Exploring Social Security: Part II
Exploring Social Security: Part II
This is the second post on social security. Today, we’ll explore if the program will exist down the road. (Spoiler Alert) We will have social security until 2033, even if Congress does absolutely nothing. (Quite frankly, it seems quite plausible that nothing will be done for 21 years).
While it’s difficult to project exactly when the Social Security trust fund will run out, most estimates put the year between 2033 and 2037. In a post by the progressive Center on Budgets and Policies (CBPP), 10 Facts about Social Security, Fact #10 states, “Social Security can pay full benefits through 2037 without any changes, and relatively modest changes would place the program on a sound financial footing for 75 years and beyond.” CFBB also acknowledges that even after the program runs out, there will be enough to pay three-quarters of the benefits.
So good news, with some modest changes, social security can be saved way beyond 2037. But what steps do we need to take? What does “modest changes” really mean? Before we answer that question, there’s an interesting quote from CBPP that gives some insights to how Washington often works:
“The long-term gap between Social Security’s projected income and promised benefits is estimated at 0.7 percent of gross domestic product (GDP) over the next 75 years (and 1.4 percent of GDP in 2084). By coincidence, that roughly matches the revenue loss over the next 75 years from extending the Bush tax cuts for people making over $250,000. Members of Congress cannot simultaneously claim that the tax cuts for the richest 2 percent of Americans are affordable while the Social Security shortfall constitutes a dire fiscal threat.”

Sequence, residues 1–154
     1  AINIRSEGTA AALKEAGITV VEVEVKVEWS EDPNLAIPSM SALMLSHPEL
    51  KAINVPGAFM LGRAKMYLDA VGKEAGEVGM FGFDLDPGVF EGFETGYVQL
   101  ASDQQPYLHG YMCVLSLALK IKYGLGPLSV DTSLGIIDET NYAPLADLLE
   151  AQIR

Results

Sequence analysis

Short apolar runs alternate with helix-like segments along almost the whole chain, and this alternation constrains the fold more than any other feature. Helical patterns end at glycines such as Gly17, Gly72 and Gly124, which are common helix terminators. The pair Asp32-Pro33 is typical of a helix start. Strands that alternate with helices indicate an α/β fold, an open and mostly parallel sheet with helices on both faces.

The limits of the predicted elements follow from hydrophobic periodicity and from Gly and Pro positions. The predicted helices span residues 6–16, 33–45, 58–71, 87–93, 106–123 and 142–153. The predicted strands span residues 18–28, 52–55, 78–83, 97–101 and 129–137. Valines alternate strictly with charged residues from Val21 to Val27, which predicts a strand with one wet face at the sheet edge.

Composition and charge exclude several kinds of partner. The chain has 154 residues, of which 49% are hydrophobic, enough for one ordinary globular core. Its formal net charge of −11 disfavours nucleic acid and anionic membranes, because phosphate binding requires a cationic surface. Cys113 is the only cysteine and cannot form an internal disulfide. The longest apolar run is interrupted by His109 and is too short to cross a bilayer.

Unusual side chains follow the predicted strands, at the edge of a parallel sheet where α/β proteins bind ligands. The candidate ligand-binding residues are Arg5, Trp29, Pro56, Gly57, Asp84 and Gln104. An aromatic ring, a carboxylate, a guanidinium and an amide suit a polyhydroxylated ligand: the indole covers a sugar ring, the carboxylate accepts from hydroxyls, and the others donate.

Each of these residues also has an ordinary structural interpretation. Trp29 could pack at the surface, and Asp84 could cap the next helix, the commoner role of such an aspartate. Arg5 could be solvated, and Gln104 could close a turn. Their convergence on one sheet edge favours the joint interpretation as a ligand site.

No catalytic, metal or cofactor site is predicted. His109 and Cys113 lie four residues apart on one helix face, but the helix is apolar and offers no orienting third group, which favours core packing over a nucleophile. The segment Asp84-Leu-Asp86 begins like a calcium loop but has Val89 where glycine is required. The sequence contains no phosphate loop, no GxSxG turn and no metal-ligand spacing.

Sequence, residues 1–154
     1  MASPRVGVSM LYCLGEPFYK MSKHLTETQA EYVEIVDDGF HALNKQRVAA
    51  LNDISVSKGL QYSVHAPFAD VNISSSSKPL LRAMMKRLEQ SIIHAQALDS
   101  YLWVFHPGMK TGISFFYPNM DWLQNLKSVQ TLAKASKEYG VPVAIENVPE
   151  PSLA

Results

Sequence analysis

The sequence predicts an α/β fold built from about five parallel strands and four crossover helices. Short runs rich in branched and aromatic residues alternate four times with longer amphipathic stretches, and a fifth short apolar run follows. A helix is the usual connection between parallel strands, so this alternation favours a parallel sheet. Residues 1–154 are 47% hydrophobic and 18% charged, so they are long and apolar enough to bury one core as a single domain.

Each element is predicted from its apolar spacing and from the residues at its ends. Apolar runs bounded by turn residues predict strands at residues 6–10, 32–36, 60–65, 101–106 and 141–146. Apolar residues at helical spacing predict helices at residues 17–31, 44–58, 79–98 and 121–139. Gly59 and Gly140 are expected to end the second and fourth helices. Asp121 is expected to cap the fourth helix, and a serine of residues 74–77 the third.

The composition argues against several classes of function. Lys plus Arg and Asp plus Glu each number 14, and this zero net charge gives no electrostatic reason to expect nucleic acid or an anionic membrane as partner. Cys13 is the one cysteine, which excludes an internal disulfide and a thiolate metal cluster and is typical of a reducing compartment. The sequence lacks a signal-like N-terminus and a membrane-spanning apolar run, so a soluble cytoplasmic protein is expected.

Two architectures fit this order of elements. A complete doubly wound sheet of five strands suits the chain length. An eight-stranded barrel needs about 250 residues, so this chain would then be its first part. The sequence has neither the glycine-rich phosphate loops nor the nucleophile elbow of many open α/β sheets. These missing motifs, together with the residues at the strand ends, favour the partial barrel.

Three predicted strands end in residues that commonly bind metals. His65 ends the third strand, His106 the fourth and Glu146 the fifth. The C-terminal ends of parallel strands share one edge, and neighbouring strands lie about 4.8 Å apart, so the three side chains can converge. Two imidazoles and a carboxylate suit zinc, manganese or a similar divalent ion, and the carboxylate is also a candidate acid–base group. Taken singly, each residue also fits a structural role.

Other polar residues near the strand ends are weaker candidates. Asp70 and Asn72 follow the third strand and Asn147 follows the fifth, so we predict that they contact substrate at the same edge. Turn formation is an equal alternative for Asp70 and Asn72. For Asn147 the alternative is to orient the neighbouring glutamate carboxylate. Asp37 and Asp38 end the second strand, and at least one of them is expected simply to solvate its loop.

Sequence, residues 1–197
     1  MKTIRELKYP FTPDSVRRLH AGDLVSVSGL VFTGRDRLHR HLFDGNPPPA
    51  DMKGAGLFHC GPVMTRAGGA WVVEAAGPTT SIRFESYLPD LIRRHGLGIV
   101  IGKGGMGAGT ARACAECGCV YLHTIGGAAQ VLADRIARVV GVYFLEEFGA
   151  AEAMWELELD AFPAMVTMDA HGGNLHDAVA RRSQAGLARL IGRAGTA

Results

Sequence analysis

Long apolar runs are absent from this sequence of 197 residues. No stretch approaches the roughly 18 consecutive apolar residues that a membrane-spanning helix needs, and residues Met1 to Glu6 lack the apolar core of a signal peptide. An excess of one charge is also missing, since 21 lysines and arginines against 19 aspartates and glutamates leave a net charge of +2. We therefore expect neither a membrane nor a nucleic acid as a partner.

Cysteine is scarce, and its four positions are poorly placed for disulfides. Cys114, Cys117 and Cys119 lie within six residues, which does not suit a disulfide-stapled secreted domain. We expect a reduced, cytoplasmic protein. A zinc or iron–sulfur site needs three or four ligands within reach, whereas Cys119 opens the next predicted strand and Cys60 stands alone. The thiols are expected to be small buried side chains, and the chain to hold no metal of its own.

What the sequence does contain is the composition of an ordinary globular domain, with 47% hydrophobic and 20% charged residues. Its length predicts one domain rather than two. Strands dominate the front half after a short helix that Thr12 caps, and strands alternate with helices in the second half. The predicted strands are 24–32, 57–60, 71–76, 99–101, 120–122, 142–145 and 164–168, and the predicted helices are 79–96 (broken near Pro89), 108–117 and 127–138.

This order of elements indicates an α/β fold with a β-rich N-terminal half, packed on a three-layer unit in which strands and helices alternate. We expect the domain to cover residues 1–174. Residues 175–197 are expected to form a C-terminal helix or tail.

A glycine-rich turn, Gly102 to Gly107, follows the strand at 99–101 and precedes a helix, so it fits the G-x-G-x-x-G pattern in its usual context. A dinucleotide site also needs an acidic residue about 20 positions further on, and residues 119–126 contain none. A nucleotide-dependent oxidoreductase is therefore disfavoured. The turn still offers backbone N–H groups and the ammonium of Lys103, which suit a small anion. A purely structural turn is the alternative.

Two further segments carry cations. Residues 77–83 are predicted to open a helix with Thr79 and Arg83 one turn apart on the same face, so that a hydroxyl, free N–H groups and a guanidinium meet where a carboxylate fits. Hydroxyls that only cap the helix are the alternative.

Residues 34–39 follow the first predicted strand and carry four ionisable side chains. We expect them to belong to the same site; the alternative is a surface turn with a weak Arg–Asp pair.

So what can we do to avoid Social Security’s long-term budget shortfall? Sadly, it is one of the most politically unpopular situations, and to grossly oversimplify a solution, reduce benefits, increase taxes. This can be done to protect the most vulnerable, and reductions can be phased in so as to not harm current recipients. In order to get there, it requires a commitment from leaders to a thoughtful and insightful debate on tax policy. (The thought of a “thoughtful discussion on tax policy” reminds me of a song my Aunt typically sings.)
To dive a little deeper, part of the solution surrounds increasing the maximum taxable income (Maximum taxable amount is 110,000). A report from Peter Orszag, former director of the Office of Management and Budget and Nobel prize winning economist Peter Diamond identifies that this is an important adjustment to preserve a progressive structure to Social Security.
Orszag and Diamond state: